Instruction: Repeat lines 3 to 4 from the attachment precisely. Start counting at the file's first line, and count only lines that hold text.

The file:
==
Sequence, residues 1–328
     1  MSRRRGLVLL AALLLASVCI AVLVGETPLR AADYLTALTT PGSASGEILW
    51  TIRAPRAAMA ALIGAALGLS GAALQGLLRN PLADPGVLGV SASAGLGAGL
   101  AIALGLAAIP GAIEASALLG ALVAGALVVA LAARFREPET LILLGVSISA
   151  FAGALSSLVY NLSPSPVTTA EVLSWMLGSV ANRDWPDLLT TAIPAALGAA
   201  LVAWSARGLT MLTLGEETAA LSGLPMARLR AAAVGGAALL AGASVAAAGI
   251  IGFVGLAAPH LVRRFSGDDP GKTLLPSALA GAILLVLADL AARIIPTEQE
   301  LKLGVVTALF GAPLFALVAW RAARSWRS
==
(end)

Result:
    51  TIRAPRAAMA ALIGAALGLS GAALQGLLRN PLADPGVLGV SASAGLGAGL
   101  AIALGLAAIP GAIEASALLG ALVAGALVVA LAARFREPET LILLGVSISA